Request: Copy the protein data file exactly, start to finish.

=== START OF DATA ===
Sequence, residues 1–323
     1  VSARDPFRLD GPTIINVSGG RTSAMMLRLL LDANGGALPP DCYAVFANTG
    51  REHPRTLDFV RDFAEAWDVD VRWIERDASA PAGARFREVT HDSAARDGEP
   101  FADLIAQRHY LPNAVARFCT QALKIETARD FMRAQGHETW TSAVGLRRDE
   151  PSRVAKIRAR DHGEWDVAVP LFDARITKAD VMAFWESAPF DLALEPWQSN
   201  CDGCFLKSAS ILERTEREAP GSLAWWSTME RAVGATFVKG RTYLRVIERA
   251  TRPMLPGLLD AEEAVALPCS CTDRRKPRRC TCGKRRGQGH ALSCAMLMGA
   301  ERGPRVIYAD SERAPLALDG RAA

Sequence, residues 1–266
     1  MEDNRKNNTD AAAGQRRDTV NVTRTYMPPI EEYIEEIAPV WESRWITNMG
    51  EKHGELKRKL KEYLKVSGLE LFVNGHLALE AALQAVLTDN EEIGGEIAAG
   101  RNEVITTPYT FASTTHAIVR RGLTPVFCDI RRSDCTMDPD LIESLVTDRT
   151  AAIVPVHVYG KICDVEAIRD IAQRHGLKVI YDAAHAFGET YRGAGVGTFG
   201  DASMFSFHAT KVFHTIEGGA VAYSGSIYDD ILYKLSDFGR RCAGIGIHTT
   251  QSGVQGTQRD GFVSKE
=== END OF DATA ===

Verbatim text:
Sequence, residues 1–323
     1  VSARDPFRLD GPTIINVSGG RTSAMMLRLL LDANGGALPP DCYAVFANTG
    51  REHPRTLDFV RDFAEAWDVD VRWIERDASA PAGARFREVT HDSAARDGEP
   101  FADLIAQRHY LPNAVARFCT QALKIETARD FMRAQGHETW TSAVGLRRDE
   151  PSRVAKIRAR DHGEWDVAVP LFDARITKAD VMAFWESAPF DLALEPWQSN
   201  CDGCFLKSAS ILERTEREAP GSLAWWSTME RAVGATFVKG RTYLRVIERA
   251  TRPMLPGLLD AEEAVALPCS CTDRRKPRRC TCGKRRGQGH ALSCAMLMGA
   301  ERGPRVIYAD SERAPLALDG RAA

Sequence, residues 1–266
     1  MEDNRKNNTD AAAGQRRDTV NVTRTYMPPI EEYIEEIAPV WESRWITNMG
    51  EKHGELKRKL KEYLKVSGLE LFVNGHLALE AALQAVLTDN EEIGGEIAAG
   101  RNEVITTPYT FASTTHAIVR RGLTPVFCDI RRSDCTMDPD LIESLVTDRT
   151  AAIVPVHVYG KICDVEAIRD IAQRHGLKVI YDAAHAFGET YRGAGVGTFG
   201  DASMFSFHAT KVFHTIEGGA VAYSGSIYDD ILYKLSDFGR RCAGIGIHTT
   251  QSGVQGTQRD GFVSKE